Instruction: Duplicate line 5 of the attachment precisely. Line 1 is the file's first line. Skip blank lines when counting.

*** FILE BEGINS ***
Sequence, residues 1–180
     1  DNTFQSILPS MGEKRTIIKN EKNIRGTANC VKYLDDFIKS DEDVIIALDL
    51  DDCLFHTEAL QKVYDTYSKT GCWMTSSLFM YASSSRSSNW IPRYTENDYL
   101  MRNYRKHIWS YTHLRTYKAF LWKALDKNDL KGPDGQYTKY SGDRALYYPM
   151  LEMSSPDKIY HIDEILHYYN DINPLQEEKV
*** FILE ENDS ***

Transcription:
   151  LEMSSPDKIY HIDEILHYYN DINPLQEEKV